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As the flu season continues, you’ll start to see signs in every grocery store: “Free Flu Shots, See Pharmacist for Details”. Every year, a new version of the flu shot is offered to combat the most common strain of the flu identified that season. But not everyone receives the flu shot. Is there even a small chance that it’s dangerous? Why is this immunization so important?

Have you heard these 5 myths about the flu shot? Here’s the truth about this vital immunization. Click To Tweet

The Truth About the Flu Vaccine

Myths about the flu shot crop up every year. However, none of these alleged dangers are based in reality. Before you forego your flu shot because of a less-than-honest internet source, listen to what the medical community has to say about these common myths:

  1. The flu shot gives you the flu
  2. The flu shot doesn’t work
  3. Getting the flu provides more immunity
  4. The vaccine makes you vulnerable to other diseases
  5. The vaccine causes severe reactions

1) The Flu Shot Gives You the Flu

Despite common misconceptions, the flu shot does not contain an active strain of the flu virus. The injection will either give you an inactivated (dead) version of the virus or portion of the virus’s genetic information to stimulate your immune system without truly giving you the flu. You may experience temporary symptoms as your body adjusts to the vaccine, but you will not catch the flu from the shot.

2) The Flu Shot Doesn’t Work

Some patients may receive the flu shot, later catch the flu anyway, and come to the conclusion that the vaccine didn’t really do anything. However, the truth is more complex. Multiple strains of the flu are active every year. The vaccine is designed to combat what doctors believe will be the most active or dangerous type, and their predictions aren’t always correct. If you get sick after receiving the vaccine, you’ve either caught a different sickness entirely or just another strain of the flu virus that the vaccine wasn’t designed for.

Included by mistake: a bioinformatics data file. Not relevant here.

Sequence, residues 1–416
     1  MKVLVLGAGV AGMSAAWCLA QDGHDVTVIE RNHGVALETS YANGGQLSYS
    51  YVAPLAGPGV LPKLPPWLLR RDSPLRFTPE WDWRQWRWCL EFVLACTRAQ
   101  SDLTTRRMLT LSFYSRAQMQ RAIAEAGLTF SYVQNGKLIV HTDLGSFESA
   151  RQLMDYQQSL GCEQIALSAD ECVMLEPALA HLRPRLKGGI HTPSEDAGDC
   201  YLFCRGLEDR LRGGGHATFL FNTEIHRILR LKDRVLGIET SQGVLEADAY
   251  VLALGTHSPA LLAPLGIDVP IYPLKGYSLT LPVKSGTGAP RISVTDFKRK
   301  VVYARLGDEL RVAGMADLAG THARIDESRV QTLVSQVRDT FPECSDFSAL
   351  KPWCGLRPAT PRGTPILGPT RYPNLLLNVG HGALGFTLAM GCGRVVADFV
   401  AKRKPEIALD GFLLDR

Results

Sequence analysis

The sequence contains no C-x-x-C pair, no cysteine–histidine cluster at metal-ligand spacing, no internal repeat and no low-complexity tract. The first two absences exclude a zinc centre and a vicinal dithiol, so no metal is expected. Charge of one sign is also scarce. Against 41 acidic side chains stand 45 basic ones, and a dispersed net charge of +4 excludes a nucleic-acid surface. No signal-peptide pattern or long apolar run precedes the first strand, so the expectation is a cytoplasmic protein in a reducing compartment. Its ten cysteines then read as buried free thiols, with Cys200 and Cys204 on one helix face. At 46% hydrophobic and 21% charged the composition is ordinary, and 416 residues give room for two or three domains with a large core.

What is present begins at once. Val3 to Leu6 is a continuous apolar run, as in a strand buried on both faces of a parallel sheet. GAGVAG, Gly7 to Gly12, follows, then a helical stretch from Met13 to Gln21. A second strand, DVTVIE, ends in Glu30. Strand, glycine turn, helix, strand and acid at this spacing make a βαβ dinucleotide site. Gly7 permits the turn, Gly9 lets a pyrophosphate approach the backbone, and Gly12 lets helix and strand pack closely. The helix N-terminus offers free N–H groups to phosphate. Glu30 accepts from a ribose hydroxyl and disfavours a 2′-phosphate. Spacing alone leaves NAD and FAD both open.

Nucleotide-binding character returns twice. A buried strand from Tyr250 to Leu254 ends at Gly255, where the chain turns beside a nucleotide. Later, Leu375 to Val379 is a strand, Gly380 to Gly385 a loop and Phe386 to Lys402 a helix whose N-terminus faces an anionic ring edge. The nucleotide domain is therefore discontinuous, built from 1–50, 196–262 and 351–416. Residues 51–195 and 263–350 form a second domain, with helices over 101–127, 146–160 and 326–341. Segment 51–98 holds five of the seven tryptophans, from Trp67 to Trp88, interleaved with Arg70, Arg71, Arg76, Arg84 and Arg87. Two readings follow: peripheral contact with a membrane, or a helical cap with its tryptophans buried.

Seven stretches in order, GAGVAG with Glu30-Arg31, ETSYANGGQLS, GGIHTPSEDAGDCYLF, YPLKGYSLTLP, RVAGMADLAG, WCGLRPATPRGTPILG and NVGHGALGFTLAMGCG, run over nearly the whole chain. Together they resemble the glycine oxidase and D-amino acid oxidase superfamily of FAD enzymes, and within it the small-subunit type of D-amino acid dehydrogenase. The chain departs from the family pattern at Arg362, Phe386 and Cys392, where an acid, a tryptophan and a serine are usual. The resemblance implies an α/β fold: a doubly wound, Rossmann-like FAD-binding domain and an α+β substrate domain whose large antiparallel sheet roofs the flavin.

3) Getting the Flu Provides More Immunity

To some extent, it is true that natural immunity is more effective and lasts longer than vaccine immunity. However, the risk of complications from the flu is simply not worth it. Influenza is a serious disease and carries the risk of dangerous complications, especially for patients such as young children, seniors, and the immunocompromised. For protection against this disease, immunization is the safer choice.

Pro Tip: You may have heard that receiving the flu shot multiple times boosts your immunity. However, this is not the case. One shot is more than enough. Save the other shots for patients who need them.

4) The Vaccine Makes You Vulnerable to Other Diseases

A 2012 study seemed to suggest that the flu vaccine made patients more vulnerable to respiratory infections. However, later studies have failed to duplicate these results. While doctors still aren’t sure what caused the 2012 study to produce these confusing results, more recent science has shown that there’s almost no evidence to suggest that the flu vaccine makes you more susceptible to other viruses or infections.

5) The Vaccine Causes Severe Reactions

Some patients may experience tenderness at the injection site, low-grade fever, soreness, or a sore throat after receiving the flu vaccine. These symptoms generally last a day or two at most. On very rare occasions, within minutes or hours of receiving the vaccine, some patients may experience severe reactions ranging from fever to apparent allergic responses. These reactions are fortunately very rare, and when they do occur, are easily treatable by a medical professional. Watch your body after receiving a flu vaccine and if you notice any signs of severe reactions, speak to a doctor immediately.

The Flu Vaccine is Safe & Effective

As the flu virus thrives this fall, the best choice you can make for your own health and your loved ones’ health is to receive the flu vaccine as quickly as possible. Decades of testing have made this immunization incredibly safe and effective. Talk to your doctor about where to get a flu vaccine and when to schedule one for your children.

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